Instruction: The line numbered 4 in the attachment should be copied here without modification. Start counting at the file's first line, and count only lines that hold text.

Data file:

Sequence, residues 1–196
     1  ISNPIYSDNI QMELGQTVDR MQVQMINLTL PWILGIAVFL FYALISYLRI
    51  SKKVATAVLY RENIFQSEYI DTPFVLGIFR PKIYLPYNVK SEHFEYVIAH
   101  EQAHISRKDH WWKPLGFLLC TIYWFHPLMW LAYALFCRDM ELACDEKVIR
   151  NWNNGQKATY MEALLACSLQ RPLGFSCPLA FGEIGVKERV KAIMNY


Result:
   101  EQAHISRKDH WWKPLGFLLC TIYWFHPLMW LAYALFCRDM ELACDEKVIR